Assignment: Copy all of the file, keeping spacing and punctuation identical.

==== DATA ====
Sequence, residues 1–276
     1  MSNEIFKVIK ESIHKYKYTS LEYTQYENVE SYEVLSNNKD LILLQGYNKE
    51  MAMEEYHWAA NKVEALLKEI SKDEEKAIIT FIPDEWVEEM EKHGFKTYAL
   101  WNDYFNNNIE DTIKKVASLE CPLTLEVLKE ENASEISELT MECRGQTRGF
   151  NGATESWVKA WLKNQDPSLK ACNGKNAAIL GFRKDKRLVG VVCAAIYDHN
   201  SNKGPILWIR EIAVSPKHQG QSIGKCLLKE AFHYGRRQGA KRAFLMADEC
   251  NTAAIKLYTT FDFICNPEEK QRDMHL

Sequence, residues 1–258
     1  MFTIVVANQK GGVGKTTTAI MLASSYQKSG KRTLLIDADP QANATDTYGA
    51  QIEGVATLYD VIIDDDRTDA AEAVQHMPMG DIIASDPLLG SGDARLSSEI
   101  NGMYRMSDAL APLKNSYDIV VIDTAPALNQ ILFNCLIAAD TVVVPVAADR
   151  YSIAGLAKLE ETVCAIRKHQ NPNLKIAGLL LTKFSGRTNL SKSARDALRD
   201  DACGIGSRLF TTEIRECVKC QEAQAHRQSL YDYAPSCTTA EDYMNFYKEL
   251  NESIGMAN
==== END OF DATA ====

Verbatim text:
Sequence, residues 1–276
     1  MSNEIFKVIK ESIHKYKYTS LEYTQYENVE SYEVLSNNKD LILLQGYNKE
    51  MAMEEYHWAA NKVEALLKEI SKDEEKAIIT FIPDEWVEEM EKHGFKTYAL
   101  WNDYFNNNIE DTIKKVASLE CPLTLEVLKE ENASEISELT MECRGQTRGF
   151  NGATESWVKA WLKNQDPSLK ACNGKNAAIL GFRKDKRLVG VVCAAIYDHN
   201  SNKGPILWIR EIAVSPKHQG QSIGKCLLKE AFHYGRRQGA KRAFLMADEC
   251  NTAAIKLYTT FDFICNPEEK QRDMHL

Sequence, residues 1–258
     1  MFTIVVANQK GGVGKTTTAI MLASSYQKSG KRTLLIDADP QANATDTYGA
    51  QIEGVATLYD VIIDDDRTDA AEAVQHMPMG DIIASDPLLG SGDARLSSEI
   101  NGMYRMSDAL APLKNSYDIV VIDTAPALNQ ILFNCLIAAD TVVVPVAADR
   151  YSIAGLAKLE ETVCAIRKHQ NPNLKIAGLL LTKFSGRTNL SKSARDALRD
   201  DACGIGSRLF TTEIRECVKC QEAQAHRQSL YDYAPSCTTA EDYMNFYKEL
   251  NESIGMAN